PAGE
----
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Format: Hardcover Verified Purchase
This is indeed a beautifully written book with yarn as its metaphor (as stated by a previous reviewer). But after about the third chapter I began to hope that the author would let go of the metaphor. By the sixth chapter, no matter how the author spun it, I found the metaphor was becoming a cliche and I was having trouble reading more than a chapter or two at one sitting. The chapters with "less" metaphor, and often fewer life lessons, seem to work better. The chapter about the Kitchener stitch and its origin, for example, comes to mind, with its historical information. Come on Clara--more stories about yourself, about yarn and knitting, or about anything, really, but lay off the metaphor. Still, knitters will want to read this book.
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Format: Hardcover
I'm giving a very reluctant three stars. I would have given it two stars, but the subject matter alone made it worthy of an extra star. I'm glad I bought the book because I want more essays about knitting and yarn and fiber to be written and published.

But... but...

I LOVE Clara Parkes. If I ran into her at Maryland Sheep and Wool, I'd silently freak out, channel my inner Canadian YarnHarlot style and play it seriously cool (because who the heck would I be to her?), and then freak out about it for the whole next year, much as I did when I was looking at the sheep photographs at the same time as Deborah Robson -- who wrote The Fleece & Fiber Sourcebook, which is one of my very favorite books ever -- at the 2013 Maryland Sheep and Wool Festival.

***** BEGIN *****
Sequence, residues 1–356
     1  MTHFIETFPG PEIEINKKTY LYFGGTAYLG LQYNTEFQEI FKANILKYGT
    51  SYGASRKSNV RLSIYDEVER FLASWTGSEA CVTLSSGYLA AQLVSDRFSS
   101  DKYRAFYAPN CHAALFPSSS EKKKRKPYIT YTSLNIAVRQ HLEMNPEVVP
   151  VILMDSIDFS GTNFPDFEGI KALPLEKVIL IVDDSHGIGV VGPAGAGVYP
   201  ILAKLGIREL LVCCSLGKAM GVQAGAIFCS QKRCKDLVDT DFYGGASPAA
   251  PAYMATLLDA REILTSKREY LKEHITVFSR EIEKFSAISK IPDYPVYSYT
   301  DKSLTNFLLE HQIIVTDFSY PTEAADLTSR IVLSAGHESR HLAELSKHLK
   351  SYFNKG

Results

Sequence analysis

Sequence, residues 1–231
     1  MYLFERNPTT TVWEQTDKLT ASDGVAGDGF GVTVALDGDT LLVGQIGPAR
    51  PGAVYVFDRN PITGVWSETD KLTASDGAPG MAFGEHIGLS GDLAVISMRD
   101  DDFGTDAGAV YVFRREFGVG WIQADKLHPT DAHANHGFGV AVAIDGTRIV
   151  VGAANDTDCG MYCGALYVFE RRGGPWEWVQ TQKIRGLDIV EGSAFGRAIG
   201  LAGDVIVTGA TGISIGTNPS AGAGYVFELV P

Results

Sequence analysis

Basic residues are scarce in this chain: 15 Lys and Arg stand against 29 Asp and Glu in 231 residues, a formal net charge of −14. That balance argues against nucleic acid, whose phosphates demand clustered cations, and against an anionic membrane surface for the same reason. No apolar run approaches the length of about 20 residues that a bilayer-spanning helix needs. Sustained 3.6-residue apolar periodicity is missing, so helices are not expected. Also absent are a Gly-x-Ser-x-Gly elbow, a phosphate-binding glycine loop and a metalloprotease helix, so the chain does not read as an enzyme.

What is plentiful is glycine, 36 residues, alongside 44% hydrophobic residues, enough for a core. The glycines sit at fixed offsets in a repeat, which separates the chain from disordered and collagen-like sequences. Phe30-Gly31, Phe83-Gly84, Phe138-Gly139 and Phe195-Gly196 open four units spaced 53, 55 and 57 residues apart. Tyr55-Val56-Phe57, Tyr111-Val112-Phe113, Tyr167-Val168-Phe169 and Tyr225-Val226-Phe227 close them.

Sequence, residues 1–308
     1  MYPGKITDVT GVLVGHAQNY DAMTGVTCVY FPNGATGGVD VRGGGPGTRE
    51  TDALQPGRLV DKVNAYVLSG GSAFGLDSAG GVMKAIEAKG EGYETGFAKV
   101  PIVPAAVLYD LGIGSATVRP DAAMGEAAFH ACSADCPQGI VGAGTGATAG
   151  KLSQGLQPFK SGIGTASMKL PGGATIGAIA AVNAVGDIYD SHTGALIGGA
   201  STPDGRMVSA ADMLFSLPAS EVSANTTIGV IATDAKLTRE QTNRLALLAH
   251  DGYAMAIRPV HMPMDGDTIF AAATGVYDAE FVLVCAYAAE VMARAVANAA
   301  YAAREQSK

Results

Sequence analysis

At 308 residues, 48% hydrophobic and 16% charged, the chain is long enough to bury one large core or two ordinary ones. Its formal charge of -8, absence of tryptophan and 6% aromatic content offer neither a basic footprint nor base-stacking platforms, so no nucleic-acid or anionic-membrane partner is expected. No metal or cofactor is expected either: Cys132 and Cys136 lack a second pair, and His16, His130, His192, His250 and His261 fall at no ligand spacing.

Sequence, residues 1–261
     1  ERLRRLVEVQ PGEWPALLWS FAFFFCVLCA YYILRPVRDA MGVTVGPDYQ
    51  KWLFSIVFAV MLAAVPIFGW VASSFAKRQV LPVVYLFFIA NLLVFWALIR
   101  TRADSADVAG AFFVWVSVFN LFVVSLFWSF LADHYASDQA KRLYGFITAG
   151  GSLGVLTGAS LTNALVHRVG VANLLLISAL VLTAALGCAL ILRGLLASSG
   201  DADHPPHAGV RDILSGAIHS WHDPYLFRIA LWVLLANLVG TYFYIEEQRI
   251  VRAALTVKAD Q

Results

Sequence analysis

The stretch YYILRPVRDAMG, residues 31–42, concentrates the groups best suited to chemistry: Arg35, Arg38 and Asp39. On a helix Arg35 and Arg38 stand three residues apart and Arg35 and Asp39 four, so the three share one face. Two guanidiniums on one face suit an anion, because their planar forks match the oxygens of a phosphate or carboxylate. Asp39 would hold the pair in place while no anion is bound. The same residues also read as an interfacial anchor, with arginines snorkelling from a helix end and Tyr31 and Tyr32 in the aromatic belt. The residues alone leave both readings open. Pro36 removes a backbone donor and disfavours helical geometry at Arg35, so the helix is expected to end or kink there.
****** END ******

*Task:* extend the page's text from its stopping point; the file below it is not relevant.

That said, going back to The Yarn Whisperer... yikes. The essays are short and the metaphors are big, obvious, clunky, and shoved down the readers' throats in the least elegant manner possible. I have a very difficult time with any author using "we" to try to strike notes of (usually false) profundity. It's equally difficult to take here. Every time a writer tells me "we" do something, I want to shout back, "No, *we* don't!" speaking, of course, as myself. Writers have no business speaking in sweeping generalizations about people. Stick to specifics. Leave it to the reader to see herself in what is portrayed.

The book could have been awesome if she'd made the memoir more cohesive and detailed while weaving (no pun intended) the yarn side of her life into the story naturally. I think she should step way back to allow her readers to see connections and links for themselves.
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Format: Kindle Edition Verified Purchase
I have all of Clara Parkes' books, but I wasn't sure about this one. I usually only buy knitting-related books if they're reference or pattern books, and a memoir or collection of stories didn't seem like it would be very 'useful' to my collection. However, I got a Kindle for Christmas this year and decided to purchase the e-copy. It was a fun read and there were many times I caught myself laughing out loud -- but the true test of this book came when I was waiting on my boyfriend at the airport. There's a whole chapter dedicated to kitchnering, and I just happened to be at the toes of some socks when I was stranded at the airport with nothing else to do. I had no idea how to kitchner without directions, so I looked up Clara's anecdote in the book about the time she finally 'understood' how kitchnering works. It was just what I needed to finish the toe on my sock!
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Topic From this Discussion
is this book wrapped in real yarn?
No, I don't believe it is. It is just the way the cover looks.
Dec 1, 2013 by KellyLC |  See all 2 posts